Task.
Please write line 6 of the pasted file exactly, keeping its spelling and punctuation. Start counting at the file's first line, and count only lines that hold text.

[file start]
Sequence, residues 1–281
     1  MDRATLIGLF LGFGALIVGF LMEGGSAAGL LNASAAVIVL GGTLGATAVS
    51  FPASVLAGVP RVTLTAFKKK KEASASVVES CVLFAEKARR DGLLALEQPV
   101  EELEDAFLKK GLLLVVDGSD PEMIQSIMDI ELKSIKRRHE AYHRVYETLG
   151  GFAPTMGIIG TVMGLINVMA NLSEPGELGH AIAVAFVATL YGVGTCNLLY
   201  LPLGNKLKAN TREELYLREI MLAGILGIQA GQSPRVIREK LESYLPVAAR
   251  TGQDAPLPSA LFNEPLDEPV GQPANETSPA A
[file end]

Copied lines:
   201  LPLGNKLKAN TREELYLREI MLAGILGIQA GQSPRVIREK LESYLPVAAR